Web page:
The third film in the series, Indiana Jones and the Last Crusade (1989), has a suggestively Templar theme and features a scene in which the weary Templar-like guardian of the Holy Grail looks forward with quiet relief to ending his 800-year watch. Jones (Harrison Ford) and his father (Sean Connery) combine to prevent the chalice falling into Nazi hands. Even though the sets are full of eight-pointed stars and talk of chivalrous knights abounds, the Templars are not mentioned once. Instead we get a secret military order called the Knights of the Cruciform Sword.
But the story does capture the Grail’s mythic significance. When the heroes and the villains find the cave where the knight keeps watch over the hidden treasure and the Holy Grail, the knight warns them to choose wisely. The shallow, mercenary villain picks the blingiest goblet and dies. Indy, who has no real interest in the Grail but knows his father is obsessed by it, drinks from a plain wooden cup–the kind of cup a carpenter might have, he suggests–and it heals his troubled relationship with his father. In spirit, the denouement is consistent with Eschenbach’s poem Parzival–a vague source for this movie–which suggests that you have to be truly selfless to be worthy of the Grail.
The budget for this film was $12 million. A pity they did not spend a cent on research. Dolph Lundgren is a butt-kicking Templar monk with a spiked leather glove whose sacred duty it is to do what the Templars have always done and stop a key that has kept the Anti-christ imprisoned for thousands of years from falling into the wrong hands. The laughs start as soon as Françoise Robertson’s Native American archaeologist stares at some skeletons in a hidden chamber in New York and decides the Templar garb they are wearing was made in Ireland in the sixth century. Although ostensibly a Templar, Lundgren fails to point out that she is six hundred years out. The idea that the order was founded in the twelfth century, we are told later, is merely conventional wisdom. There are rumours, we are assured, that the Templars may have started a thousand years before and, the film suggests, it may even have been started by Saint Peter. After such revelations, we barely pause to wonder how a bunch of warrior monks in Jerusalem come to be wearing Irish weave and ended up in New York. It is those Templars, you see. They can do anything.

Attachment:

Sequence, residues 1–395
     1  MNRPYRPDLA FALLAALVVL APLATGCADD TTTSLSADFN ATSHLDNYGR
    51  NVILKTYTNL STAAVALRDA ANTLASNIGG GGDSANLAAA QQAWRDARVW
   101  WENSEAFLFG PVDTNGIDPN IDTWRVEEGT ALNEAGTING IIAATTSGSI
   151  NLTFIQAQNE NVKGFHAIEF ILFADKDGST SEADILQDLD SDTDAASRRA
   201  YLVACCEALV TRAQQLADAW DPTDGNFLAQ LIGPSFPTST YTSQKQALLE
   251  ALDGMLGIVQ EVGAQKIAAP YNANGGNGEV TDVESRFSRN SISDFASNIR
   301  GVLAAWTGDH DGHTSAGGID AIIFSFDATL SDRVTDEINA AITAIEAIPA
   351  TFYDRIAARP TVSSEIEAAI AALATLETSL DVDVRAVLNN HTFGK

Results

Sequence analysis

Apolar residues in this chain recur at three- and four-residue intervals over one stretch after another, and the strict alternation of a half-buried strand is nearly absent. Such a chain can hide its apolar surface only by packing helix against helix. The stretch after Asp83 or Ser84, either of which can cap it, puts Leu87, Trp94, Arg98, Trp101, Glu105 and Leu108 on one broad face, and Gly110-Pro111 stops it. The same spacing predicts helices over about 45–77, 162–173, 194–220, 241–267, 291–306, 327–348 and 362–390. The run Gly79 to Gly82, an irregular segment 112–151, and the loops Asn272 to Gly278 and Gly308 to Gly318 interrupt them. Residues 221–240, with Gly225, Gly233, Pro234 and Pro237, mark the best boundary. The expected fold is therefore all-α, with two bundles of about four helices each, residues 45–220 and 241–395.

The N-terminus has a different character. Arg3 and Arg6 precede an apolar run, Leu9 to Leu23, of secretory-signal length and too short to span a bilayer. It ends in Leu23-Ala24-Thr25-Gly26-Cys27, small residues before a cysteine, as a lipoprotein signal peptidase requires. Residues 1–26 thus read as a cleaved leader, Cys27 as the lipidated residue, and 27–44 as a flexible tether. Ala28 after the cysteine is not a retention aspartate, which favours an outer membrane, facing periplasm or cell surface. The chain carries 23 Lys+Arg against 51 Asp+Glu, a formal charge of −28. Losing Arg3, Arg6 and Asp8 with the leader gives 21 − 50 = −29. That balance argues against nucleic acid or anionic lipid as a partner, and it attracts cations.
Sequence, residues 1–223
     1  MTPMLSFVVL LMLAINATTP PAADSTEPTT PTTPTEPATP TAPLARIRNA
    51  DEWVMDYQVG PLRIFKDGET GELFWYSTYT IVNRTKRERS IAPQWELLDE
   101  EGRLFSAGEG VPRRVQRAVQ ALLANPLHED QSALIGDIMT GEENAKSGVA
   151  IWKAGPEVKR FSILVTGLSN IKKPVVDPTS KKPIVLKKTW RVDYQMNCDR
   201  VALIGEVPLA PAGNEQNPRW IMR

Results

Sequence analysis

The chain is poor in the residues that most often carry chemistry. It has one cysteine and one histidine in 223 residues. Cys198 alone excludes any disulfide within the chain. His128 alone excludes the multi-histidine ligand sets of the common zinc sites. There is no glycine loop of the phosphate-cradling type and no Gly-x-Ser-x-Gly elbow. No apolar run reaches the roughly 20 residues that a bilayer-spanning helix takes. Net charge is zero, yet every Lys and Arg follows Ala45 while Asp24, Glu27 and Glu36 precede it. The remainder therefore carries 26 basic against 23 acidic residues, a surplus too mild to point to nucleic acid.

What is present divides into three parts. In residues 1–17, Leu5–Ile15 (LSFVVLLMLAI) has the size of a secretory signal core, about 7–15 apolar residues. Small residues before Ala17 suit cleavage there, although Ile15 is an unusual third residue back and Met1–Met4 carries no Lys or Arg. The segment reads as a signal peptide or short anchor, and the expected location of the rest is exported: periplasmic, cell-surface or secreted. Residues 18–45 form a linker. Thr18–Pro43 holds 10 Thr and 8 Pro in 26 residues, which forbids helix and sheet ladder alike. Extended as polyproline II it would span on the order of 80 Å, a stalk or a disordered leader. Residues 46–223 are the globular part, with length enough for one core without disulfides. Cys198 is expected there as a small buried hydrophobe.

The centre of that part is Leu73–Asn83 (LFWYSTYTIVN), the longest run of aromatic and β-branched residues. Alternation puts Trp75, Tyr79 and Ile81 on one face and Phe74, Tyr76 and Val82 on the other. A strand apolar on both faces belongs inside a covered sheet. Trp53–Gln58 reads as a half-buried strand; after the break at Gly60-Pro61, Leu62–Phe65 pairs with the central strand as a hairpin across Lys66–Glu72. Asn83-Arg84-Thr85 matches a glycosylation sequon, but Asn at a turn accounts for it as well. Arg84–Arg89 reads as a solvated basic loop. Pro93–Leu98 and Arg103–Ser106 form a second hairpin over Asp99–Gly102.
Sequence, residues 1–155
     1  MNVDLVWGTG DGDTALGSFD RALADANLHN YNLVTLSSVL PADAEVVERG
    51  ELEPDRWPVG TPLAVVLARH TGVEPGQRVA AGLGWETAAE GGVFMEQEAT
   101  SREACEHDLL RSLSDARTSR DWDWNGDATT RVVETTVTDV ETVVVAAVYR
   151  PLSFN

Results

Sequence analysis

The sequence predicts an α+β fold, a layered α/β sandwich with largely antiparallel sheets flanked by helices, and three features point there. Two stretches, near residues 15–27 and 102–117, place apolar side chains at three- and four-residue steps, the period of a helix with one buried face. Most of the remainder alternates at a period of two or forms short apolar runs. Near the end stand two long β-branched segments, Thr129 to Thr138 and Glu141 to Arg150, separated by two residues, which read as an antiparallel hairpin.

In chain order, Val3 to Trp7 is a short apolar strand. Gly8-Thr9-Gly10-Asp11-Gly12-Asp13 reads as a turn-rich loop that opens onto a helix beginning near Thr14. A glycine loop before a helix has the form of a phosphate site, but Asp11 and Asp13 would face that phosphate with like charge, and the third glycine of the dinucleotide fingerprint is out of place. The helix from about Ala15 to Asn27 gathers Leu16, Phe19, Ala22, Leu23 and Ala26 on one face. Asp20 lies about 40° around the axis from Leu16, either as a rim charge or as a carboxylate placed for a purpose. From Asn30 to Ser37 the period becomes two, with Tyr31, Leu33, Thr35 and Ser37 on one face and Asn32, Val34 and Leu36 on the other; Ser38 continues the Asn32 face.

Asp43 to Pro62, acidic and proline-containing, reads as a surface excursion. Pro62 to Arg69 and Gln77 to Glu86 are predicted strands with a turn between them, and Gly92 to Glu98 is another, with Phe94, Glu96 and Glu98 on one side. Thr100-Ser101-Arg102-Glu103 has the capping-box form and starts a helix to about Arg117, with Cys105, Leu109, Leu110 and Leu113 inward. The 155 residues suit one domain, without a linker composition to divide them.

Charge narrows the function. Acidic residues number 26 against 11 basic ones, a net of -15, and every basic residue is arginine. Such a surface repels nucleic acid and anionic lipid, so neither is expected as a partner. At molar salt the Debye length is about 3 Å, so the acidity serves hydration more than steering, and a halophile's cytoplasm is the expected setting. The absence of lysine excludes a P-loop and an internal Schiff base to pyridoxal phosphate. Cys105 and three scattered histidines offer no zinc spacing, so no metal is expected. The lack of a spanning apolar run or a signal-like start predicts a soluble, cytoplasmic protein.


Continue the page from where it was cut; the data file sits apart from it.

Michael Baigent and Richard Leigh, two thirds of the trinity behind The Holy Blood and the Holy Grail, suggested in their book The Temple and the Lodge that the Knights Templar survived their dissolution by hiding in Scotland and centuries later, as Freemasons, plotted the independence of the United States. The seductive idea of a Templar-mason continuum was first floated in France in the 1740s, by Scottish-born Freemason Andrew Michael Ramsay, and provides the slender hook for this Indiana Jones-style adventure in which Nicolas Cage–and eventually his dotty dad Jon Voight–seek the lost Templar treasure with the aid of a map some Templars thoughtfully drew, in invisible ink, on the back of the Declaration of Independence. The clues seem inordinately complex, as if a Templar Einstein had conceived them for other Einsteins to crack. And there is no credible reason for the treasure to be in America at all–other than box-office takings. The film also goes into the business of unfinished pyramids and all-seeing eyes as found on American dollars being masonic symbols.